Laundromats are playing an unlikely role in the effort to shrink America’s literacy gap

Seven-year-old Emma McGee used to hate coming to the laundromat. It was boring, and seemed to take forever. In fact she would always ask—unsuccessfully—to stay home with her older brother, Aiden. But things have gotten more interesting since a play space appeared in the back corner of Lavanderia Express IV, a large laundromat nestled next to a family dollar store in the Bronx where Emma and her mother, Venus, come every week.

“My favorite thing to do is coloring,” explains Emma, “but my second favorite is reading.” At Lavanderia Express IV, Emma gets to do both. The laundromat is one of three New York City pilot sites of a Clinton Foundation-sponsored project to install family-friendly literacy spaces for kids under six into 600 laundromats across the US by 2020.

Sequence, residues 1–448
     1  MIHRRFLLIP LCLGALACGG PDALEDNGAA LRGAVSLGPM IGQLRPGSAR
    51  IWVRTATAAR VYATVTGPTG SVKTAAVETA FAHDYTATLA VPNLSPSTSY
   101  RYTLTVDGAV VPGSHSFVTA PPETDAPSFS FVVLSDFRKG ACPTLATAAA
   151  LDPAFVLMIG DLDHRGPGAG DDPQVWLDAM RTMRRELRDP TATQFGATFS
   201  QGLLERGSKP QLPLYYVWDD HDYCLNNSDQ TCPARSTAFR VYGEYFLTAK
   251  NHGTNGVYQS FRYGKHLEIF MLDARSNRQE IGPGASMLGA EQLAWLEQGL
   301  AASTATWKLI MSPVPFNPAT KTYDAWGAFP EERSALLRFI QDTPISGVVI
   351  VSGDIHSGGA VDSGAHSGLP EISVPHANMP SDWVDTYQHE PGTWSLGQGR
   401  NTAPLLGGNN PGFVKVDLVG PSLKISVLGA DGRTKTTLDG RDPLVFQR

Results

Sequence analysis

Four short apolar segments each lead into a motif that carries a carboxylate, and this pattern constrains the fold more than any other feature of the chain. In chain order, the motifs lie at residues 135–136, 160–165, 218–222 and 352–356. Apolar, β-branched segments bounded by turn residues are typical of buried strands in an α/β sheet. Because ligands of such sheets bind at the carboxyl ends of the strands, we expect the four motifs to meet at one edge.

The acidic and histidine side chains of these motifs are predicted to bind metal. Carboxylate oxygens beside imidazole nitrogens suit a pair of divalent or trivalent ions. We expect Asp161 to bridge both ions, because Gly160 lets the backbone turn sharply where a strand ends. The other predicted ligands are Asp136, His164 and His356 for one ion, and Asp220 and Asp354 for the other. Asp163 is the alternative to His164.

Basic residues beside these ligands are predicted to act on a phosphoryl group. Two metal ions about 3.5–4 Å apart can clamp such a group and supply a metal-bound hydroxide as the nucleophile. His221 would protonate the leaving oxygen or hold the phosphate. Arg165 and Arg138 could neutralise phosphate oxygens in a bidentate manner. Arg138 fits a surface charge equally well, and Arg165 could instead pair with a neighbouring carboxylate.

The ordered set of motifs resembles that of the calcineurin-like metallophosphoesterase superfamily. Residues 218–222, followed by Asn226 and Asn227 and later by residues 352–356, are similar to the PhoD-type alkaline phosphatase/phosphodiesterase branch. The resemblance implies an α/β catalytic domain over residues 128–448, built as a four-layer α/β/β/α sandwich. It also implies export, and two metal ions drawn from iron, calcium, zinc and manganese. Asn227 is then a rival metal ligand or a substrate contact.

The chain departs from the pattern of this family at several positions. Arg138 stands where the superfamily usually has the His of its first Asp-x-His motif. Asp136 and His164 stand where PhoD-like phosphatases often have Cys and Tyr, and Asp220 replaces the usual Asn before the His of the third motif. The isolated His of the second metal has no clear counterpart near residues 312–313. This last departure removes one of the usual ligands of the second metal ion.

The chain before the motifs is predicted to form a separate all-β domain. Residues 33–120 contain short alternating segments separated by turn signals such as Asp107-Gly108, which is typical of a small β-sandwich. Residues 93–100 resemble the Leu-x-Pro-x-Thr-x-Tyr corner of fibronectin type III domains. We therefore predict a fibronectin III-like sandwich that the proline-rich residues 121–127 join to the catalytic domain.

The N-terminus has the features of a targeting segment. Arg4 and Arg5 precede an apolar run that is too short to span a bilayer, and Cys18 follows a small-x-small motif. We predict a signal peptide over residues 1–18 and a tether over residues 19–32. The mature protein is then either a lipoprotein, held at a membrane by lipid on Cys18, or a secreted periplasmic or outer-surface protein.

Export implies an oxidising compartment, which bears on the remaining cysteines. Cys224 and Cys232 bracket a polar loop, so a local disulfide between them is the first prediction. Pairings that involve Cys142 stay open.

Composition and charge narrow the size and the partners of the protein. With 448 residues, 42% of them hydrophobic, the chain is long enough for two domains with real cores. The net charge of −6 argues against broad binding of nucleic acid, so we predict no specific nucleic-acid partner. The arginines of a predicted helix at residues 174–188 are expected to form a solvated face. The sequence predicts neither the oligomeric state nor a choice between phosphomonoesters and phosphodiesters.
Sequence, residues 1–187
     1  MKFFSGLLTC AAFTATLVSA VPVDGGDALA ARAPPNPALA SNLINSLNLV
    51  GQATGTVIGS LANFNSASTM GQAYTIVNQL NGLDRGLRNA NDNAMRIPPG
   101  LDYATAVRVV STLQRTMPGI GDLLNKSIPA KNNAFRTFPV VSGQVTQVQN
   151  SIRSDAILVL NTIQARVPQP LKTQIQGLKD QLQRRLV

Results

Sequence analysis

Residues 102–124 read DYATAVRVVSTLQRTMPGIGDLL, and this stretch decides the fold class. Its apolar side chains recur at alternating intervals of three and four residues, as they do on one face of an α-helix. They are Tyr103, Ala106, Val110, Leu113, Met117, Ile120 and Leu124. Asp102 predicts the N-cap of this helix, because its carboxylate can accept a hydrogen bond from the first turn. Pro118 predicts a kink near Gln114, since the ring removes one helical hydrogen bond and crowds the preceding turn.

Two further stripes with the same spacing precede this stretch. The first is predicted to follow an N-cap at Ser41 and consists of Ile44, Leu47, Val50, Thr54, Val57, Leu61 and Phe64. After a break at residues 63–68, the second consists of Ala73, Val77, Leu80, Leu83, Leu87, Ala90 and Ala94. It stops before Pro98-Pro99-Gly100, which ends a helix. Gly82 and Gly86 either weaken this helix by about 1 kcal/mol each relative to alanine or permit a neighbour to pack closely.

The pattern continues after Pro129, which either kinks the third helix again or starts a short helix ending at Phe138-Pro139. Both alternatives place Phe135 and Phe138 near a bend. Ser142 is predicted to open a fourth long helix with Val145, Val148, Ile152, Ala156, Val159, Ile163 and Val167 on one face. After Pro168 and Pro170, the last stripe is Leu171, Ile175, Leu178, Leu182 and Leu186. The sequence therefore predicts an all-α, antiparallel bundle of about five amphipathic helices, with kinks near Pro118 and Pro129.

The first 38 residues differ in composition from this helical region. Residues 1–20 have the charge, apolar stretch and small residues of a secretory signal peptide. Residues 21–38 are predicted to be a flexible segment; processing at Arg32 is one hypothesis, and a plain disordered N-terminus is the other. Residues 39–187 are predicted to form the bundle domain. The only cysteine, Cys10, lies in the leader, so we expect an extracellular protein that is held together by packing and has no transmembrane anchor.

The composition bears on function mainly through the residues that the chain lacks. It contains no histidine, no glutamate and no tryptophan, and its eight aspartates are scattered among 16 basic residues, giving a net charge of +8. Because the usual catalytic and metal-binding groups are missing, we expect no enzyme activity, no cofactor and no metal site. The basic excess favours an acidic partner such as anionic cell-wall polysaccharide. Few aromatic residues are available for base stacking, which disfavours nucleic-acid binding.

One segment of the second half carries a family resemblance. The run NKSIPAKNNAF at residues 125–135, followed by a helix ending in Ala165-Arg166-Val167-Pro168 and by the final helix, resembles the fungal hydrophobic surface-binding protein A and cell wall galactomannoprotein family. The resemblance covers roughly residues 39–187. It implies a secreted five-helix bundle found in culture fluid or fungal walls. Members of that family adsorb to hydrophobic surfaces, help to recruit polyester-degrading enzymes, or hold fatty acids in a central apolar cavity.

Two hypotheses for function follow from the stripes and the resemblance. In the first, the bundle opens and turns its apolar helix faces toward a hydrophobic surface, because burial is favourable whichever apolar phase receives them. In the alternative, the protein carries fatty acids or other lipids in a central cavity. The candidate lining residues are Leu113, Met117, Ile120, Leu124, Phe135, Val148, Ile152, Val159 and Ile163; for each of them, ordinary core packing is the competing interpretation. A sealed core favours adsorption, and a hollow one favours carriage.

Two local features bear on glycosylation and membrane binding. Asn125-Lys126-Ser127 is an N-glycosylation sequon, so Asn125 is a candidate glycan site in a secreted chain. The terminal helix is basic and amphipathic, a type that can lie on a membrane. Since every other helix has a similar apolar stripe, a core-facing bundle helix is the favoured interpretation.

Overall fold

The average US family spends more than two hours a week at their neighborhood laundromat, and many bring their kids with them. That’s downtime that experts say could be put to better use, by turning laundromats into spaces where kids can learn and grow.

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